May years ago, maybe 40, I remember some research being done with aboriginal tribes that had never seen or experienced straight lines. Everything in their experience had curves. They literally could not imagine, draw, or visualize straight lines or 90 degree angle.

I guess my point is that individual perception depends on how closely we observe and experience the natural world in our every day lives. It seems to me it is a lot easier and more productive to work within the "rules" of the natural world than to impose our linear preconceptions on a non-linear world.

Unknown said...

When I was one year old this guy was telling me the same thing...

pretty fresh

Anonymous said...

OK, I did rather ask you to whip out your straight edge, (with no consultation fee offered either).
Others have thought along similar lines about the often tragic straigtness of the human mind, like Alan Watts here, if you are interested.

Ronald Langereis said...

Brilliant! mgmquincy already worded what I would have said, if he hadn't been first. Ronald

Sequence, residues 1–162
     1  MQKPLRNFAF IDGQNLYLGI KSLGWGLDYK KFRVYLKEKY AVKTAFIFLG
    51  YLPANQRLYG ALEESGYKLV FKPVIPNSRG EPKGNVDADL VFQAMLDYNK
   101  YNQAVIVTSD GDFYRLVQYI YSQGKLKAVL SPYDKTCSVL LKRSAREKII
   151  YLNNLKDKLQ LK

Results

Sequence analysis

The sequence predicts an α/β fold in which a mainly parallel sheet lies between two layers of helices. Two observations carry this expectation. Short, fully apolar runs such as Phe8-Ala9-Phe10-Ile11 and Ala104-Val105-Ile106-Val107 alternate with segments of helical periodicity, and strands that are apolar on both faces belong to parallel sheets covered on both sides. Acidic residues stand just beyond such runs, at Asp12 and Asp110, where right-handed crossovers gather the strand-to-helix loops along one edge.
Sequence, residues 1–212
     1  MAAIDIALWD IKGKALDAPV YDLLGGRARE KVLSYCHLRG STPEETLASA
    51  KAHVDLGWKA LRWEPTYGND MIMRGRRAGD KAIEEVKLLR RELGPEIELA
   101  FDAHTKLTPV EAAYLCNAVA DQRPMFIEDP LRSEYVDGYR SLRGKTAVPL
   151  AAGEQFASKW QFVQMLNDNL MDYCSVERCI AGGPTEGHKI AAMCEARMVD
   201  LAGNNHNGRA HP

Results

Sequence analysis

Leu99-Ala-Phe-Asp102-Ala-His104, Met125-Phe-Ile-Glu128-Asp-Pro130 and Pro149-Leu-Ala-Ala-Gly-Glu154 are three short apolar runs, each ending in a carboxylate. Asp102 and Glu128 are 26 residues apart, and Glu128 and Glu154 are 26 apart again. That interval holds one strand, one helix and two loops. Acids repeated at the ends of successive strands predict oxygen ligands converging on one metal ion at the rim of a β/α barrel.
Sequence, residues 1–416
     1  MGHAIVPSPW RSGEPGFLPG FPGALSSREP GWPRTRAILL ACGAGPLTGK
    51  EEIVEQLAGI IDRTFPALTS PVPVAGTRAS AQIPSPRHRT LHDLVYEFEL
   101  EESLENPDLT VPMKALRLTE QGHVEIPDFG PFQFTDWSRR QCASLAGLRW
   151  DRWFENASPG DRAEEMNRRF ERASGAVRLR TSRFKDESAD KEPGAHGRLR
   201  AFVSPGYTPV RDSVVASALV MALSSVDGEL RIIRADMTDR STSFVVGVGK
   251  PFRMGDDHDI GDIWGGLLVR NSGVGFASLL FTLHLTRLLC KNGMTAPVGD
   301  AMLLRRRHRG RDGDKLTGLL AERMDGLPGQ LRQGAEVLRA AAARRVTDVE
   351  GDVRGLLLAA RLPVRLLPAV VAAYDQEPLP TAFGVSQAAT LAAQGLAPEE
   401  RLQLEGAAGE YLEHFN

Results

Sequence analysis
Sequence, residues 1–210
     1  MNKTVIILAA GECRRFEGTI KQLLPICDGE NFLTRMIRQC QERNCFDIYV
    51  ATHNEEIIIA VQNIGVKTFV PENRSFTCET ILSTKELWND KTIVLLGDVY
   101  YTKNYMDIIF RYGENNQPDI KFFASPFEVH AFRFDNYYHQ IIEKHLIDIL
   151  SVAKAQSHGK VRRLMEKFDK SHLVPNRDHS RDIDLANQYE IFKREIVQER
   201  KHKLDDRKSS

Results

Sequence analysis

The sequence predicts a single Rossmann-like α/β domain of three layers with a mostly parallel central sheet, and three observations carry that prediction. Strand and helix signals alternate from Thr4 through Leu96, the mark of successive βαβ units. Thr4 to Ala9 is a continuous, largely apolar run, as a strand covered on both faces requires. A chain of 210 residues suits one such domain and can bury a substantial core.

Anonymous said...

Watt's talk was also a year or so before the birth of fractal geometry, and lo there are indications that all those straight lines support a naturalistic looking order after all. One of many examples on web....

Plus, there are a couple of places in nature where straight lines are found - crystals, and here...

Lady says structures supporting cells take the form of straight lines. If cities are like cells...

Is the oil depeletion curve following a fractal pattern? Academic question perhaps.

steven taylor said...

numbers are good and useful, but no one can predict all the outcomes of life with math and numbers, some times their is the unexplainable , and the higher power to take into account ..which can act in what appears to be an irrational way at times.